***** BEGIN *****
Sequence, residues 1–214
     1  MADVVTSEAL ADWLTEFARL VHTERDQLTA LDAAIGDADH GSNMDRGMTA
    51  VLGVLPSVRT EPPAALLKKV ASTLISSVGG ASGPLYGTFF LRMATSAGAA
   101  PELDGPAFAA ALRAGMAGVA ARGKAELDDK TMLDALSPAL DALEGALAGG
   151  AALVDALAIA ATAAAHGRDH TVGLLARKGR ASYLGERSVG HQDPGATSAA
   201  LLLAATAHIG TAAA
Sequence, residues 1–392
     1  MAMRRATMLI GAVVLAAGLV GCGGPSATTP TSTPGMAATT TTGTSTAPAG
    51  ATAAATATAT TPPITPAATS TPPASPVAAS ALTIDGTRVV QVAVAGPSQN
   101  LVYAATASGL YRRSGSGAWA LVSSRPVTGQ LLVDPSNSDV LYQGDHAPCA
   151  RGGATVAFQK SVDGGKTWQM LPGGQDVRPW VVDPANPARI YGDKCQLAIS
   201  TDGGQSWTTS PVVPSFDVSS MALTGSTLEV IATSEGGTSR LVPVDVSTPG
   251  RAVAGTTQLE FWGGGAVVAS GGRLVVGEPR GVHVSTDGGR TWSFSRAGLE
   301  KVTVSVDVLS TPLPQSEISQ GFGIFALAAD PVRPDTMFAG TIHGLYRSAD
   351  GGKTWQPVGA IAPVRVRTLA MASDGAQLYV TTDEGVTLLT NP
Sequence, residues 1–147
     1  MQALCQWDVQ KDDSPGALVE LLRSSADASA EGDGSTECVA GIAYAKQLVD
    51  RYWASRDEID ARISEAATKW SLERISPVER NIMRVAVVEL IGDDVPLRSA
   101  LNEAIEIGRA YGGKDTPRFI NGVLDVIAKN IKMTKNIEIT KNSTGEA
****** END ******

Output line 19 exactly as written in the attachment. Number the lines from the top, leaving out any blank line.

   101  LNEAIEIGRA YGGKDTPRFI NGVLDVIAKN IKMTKNIEIT KNSTGEA